- Author: Eva Devon
Read book online «The Beast's Bluestocking (The Bluestocking War) by Eva Devon (drm ebook reader .TXT) 📕». Author - Eva Devon
The Bluestocking War
This is a work of fiction. Names, places, characters, and incidents are either the work of the author’s imagination or are used fictitiously, and any resemblance to actual persons, living or dead, organizations, events, or locales are entirely coincidental.
The Beast’s Bluestocking
Copyright © 2021 by Máire Creegan
All rights reserved. No redistribution is authorized.
All rights reserved under the International and Pan-American Copyright Conventions. No part of this book may be reproduced or transmitted in any form by any electronic or mechanical means—except in the case of brief quotations embodied in critical articles or reviews—without written permission.
For my my loves. The three little ones who give my life joy and meaning.Special thanks to:Christy and MonicaYou two always come through.And you. My gratitude knows no bounds.
A roar of pain choked past Lord Anthony’s parched lips.
He writhed on the swinging ship bed, his hands folding into fists as he bit down on a piece of wood.
The laudanum wasn't even coming close to touching his bent brain and he felt as if he was in a fever dream of hell.
His friend, Sir Thomas Merrill, stood beside him, his face gray with worry.
Anthony turned his head to the man who had also survived the battle, but thankfully he was unscathed.
Anthony unclenched one of his hands, reached up and grabbed Merrill's lapel, which was smeared with blood. As was his stubbled face.
“Did Joe make it?” Anthony rasped.
Merrill's face tensed but he did not look away. His crystal blue gaze was searing.
Anthony looked back towards the rough wood wall, his hand dropping to his side. He’d tried so hard to save the boy, the boy who had suffered so much for months at the hands of their brutal captain.
He'd done everything he could, but the cannon had lurched from its moorings, and the rope snapping. It had raced across the deck with the power of a loosed boulder.
Anthony had shoved the nine-year-old boy out of the way, trying to make certain he wouldn't be crushed by the mammoth piece of iron and wood and wheels.
He'd been so certain he'd gotten the boy out of danger.
So certain, in fact, that the cannon had struck him, crushing his leg, lashing his back, and leaving him a pile on the deck.
It had been in the final moments of the battle of Trafalgar, or at least that's what the men were calling it.
They were victorious, of course, crushing the French, but hundreds of men were dead, their mangled bodies left in the sea. Never to be found. Never to be buried. Or seen or held by their mothers again.
And at this moment he wished he was one of them.
Fate had chosen differently for him.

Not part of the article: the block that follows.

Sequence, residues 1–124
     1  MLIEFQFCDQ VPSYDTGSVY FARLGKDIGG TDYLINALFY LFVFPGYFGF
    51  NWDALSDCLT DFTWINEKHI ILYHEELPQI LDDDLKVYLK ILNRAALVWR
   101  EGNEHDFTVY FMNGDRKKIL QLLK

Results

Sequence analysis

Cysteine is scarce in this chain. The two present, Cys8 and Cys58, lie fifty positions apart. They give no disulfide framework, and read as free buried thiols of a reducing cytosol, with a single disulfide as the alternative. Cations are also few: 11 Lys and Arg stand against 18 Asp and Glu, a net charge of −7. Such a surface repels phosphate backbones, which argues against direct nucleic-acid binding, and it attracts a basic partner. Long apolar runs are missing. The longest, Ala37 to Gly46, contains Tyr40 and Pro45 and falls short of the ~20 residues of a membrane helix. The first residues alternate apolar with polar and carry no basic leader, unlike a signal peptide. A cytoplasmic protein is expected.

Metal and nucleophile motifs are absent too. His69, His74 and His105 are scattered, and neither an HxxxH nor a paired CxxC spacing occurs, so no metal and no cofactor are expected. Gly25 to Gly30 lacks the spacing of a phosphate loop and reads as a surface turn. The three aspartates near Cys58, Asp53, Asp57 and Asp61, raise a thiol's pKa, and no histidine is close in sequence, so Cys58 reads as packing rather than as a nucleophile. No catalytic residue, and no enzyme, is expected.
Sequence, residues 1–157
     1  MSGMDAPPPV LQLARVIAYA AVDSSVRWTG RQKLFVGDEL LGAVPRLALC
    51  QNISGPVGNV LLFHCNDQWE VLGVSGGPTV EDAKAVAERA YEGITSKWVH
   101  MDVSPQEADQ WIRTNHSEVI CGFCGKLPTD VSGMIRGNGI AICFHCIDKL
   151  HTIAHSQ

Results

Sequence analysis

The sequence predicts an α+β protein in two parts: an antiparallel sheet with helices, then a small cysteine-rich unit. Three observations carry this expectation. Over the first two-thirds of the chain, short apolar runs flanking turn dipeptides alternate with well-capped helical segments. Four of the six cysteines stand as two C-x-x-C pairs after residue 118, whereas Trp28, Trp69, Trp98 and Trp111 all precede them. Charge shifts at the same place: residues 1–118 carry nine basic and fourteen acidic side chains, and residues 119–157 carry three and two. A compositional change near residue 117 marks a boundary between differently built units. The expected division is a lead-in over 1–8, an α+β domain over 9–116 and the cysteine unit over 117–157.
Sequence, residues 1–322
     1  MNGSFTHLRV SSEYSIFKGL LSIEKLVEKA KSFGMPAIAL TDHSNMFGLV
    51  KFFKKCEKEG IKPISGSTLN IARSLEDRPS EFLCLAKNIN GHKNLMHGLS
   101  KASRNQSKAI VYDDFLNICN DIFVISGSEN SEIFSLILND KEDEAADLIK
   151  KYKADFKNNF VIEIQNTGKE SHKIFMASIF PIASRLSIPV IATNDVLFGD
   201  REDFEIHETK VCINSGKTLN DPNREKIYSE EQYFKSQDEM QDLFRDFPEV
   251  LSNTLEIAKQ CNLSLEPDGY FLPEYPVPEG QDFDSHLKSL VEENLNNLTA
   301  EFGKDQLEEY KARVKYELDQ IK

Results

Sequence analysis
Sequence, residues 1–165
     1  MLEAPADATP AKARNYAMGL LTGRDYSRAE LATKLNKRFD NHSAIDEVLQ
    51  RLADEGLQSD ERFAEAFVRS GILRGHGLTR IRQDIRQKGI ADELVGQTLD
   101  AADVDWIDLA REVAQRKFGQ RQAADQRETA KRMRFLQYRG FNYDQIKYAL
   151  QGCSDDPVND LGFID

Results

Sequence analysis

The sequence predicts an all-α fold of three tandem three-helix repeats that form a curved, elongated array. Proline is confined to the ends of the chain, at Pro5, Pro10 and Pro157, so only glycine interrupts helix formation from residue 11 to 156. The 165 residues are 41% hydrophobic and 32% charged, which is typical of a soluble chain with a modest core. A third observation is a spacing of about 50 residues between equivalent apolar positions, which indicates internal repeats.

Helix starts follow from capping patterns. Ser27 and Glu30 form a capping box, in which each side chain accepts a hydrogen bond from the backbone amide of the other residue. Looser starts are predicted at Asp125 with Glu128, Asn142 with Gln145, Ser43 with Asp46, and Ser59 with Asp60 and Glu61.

The pain drifting through him was more than he could bear. Oh God, Joe had been such a bright damn little light. So funny and kind and willing to help, bringing him tea on nights when he had to hold the watch, overseeing the men. Those cold nights had been made better with Joe’s cheeky smile and is undaunted spirit, even though many tried to crush him.
But not ever again. Joe’s light had gone out.
And he? Likely, he wouldn't hold the watch again himself. A blessing, surely. It mattered not that he’d been a successful officer. The viciousness of the Navy and the way their captain ruled like a god? It was not for him.
From the way his leg throbbed with breath-stealing agony and the pain lacerated his back? He was going to be lucky if they didn't cut his leg.
As if his own thoughts brought the sawbones in, the surgeon crossed over to his bed, which swung from the ceiling. The sea rolled beneath them, mixing with the roll that the laudanum brought his mind.
“We're going to have to take your leg, Lieutenant,” he said flatly.
Anthony wrenched his gaze from the wall to the sawbones. Blood spattered his face. Sweat beaded his brow. His shirt hung limp and stained over his resigned shoulders. And his apron? His great apron was stained with the blood of countless men.
Anthony ground his teeth. “You take my leg and I don't care what it takes, I will find a way to choke the life out of you myself. I've survived this. I can survive a mangled leg. Leave it.”
“But,” the surgeon countered with surprising banality, clearly unbothered by Anthony’s
fierce warnings, “your leg could rot.”
“Let it,” Anthony demanded though clenched teeth. “I care not.”
Merrill winced. He leaned over his friend and said softly, “You should care. I have news for you.”
Anthony grimaced as he swallowed, nausea rising in his throat at the laudanum and pain. “What?” he demanded. “What news could you have for me? We have won the battle and that Joe is...”
His voice died off.
Merrill tensed. “This is not news from the battle or even the Navy.” He hesitated and then rushed, “This is news from home.”
Was it one of Philippa's letters, he wondered? Had something happened to her? His drugged mind lurched with new concern.
Philippa's letters had gotten him through the last two years of battles.
As a second son, he’d had to choose a profession. The church had not been active enough. What a fool he’d been.
He’d been such a bright-eyed young man, so full of hope and optimism when he'd first joined the Navy. But years on the ships of the line had turned him hard.
After all, seeing what he had seen, it was impossible to believe in the kindness of this world. Not when young people were crushed to death under the boot of such an unyielding world of command and to add to that? Serving under a captain who could be crueler than any devil?
He hoped that Philippa was writing to tell him that all was well.
Or perhaps that she had shucked the yolk of her father's cruelty and found some sort of joy.
He had sometimes allowed himself the thought that joy would be with him. He'd often fantasized about returning home to England, offering for her hand, and whisking her away